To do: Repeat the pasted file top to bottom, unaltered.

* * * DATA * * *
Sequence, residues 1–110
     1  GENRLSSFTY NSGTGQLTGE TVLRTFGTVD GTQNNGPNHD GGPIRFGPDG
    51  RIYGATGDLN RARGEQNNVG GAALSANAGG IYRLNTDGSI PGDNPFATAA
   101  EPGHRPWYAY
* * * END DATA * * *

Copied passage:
Sequence, residues 1–110
     1  GENRLSSFTY NSGTGQLTGE TVLRTFGTVD GTQNNGPNHD GGPIRFGPDG
    51  RIYGATGDLN RARGEQNNVG GAALSANAGG IYRLNTDGSI PGDNPFATAA
   101  EPGHRPWYAY